How To Install KVM on Debian 11

Install KVM on Debian 11

In this tutorial, we will show you how to install KVM on Debian 11. For those of you who didn’t know, KVM (Kernel-based Virtual Machine) is an open-source full virtualization solution for Linux Systems running on x86 hardware with virtualization extensions (Intel VT or AMD-V). You can use KVM to run multiple operating systems such as Windows, *BSD, and Linux distribution using virtual machines. Each virtual machine has its private disk, graphics card, network card, and more.

This article assumes you have at least basic knowledge of Linux, know how to use the shell, and most importantly, you host your site on your own VPS. The installation is quite simple and assumes you are running in the root account, if not you may need to add ‘sudo‘ to the commands to get root privileges. I will show you the step-by-step installation of the KVM virtualization on a Debian 11 (Bullseye).


  • A server running one of the following operating systems: Debian 11 (Bullseye).
  • It’s recommended that you use a fresh OS install to prevent any potential issues.
  • A non-root sudo user or access to the root user. We recommend acting as a non-root sudo user, however, as you can harm your system if you’re not careful when acting as the root.

Install KVM on Debian 11 Bullseye

Step 1. Before we install any software, it’s important to make sure your system is up to date by running the following apt commands in the terminal:

sudo apt update
sudo apt upgrade

Step 2. Check Virtualization Support.

Before you begin installing KVM, check if your CPU supports hardware virtualization. Now open the command terminal and run the given commands:

egrep -c '(vmx|svm)' /proc/cpuinfo
grep -E --color '(vmx|svm)' /proc/cpuinfo

Install KVM on Debian 11 Bullseye

If the output of the above command is more than zero then we can say Virtualization technology is enabled on your system. If the output is zero then we must restart the system, go to bios settings and then enable VT-x (Virtualization Technology Extension) for the Intel processor and AMD-V for the AMD processor.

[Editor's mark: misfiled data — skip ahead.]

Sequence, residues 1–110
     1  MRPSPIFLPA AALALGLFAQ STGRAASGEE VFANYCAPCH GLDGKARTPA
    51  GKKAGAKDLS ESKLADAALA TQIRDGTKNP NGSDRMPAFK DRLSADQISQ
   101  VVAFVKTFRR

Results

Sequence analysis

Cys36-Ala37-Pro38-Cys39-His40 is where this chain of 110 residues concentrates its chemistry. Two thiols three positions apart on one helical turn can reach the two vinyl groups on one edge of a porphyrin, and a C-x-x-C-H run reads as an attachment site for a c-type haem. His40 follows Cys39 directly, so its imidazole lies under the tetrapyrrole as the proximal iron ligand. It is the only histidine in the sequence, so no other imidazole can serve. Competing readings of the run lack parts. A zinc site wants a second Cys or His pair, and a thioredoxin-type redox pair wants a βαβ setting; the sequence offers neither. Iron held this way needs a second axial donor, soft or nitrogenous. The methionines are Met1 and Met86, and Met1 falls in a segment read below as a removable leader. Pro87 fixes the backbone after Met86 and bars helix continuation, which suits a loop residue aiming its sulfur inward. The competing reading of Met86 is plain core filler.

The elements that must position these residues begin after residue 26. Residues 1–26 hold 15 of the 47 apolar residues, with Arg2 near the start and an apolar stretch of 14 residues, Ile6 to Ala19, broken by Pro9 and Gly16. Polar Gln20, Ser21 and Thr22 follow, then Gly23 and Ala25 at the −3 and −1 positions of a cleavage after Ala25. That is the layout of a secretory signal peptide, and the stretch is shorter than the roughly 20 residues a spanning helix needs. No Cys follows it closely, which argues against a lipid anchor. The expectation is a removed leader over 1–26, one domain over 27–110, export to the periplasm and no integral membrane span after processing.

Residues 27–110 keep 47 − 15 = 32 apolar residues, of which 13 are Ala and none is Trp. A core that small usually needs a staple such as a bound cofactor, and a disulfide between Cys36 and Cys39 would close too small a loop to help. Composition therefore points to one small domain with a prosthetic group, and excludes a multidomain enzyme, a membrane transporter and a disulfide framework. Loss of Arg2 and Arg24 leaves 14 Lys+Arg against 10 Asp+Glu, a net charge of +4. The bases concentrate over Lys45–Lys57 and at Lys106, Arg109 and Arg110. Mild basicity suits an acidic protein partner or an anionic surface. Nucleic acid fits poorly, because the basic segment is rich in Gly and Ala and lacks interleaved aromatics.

Step 3. Installing KVM on Debian 11.

Now we install all the required for the installation of Qemu, KVM hypervisor, and Libvirt on the Debian 11 system:

sudo apt install qemu-kvm libvirt-clients libvirt-daemon-system bridge-utils virtinst libvirt-daemon

After that, install essential KVM packages with the following command:

sudo apt install virt-manager

Next, run the virsh command to list available networks for KVM VMs:

sudo virsh net-list --all


 Name                 State      Autostart     Persistent
 default              inactive   no            yes

As we can see in the above output, the default network is inactive so to make it active and auto-restart across the reboot by running the following commands below:

sudo virsh net-start default
sudo vrish net-autostart default

Step 4. Create Virtual Machines using Virt-Manager GUI.

First, open the Application launcher and search for “Virtual machine manager” (VVM) and run it. Before it opens, the system will ask to provide the root password.

Install KVM on Debian 11

In the virtual machine manager window, click the first icon in the toolbar.

Install KVM on Debian 11

Next, choose the location of your installation media.

Install KVM on Debian 11

You can install it from a disc, ISO image, or even a network location.

Install KVM on Debian 11 Bullseye

Next, allocate memory and CPU to your virtual machine.

Install KVM on Debian 11 Bullseye

After that, specify the size of your virtual disk. If you check the box before allocating the entire disk now, then the disk size is fixed.

Install KVM on Debian 11 Bullseye

In the next window, you can give your virtual machine a name. Then click Finish to begin installing OS to your virtual machine.

Install KVM on Debian 11 Bullseye

Once successfully set up, you will have a boot virtual machine that can be controlled just like any physical computer using a keyboard and mouse:

Install KVM on Debian 11 Bullseye

Congratulations! You have successfully installed KVM. Thanks for using this tutorial for installing the latest version of KVM (Kernel-based Virtual Machine) on Debian 11 Bullseye. For additional help or useful information, we recommend you check the official KVM website.

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r00t is a seasoned Linux system administrator with a wealth of experience in the field. Known for his contributions to, r00t has authored numerous tutorials and guides, helping users navigate the complexities of Linux systems. His expertise spans across various Linux distributions, including Ubuntu, CentOS, and Debian. r00t's work is characterized by his ability to simplify complex concepts, making Linux more accessible to users of all skill levels. His dedication to the Linux community and his commitment to sharing knowledge makes him a respected figure in the field.
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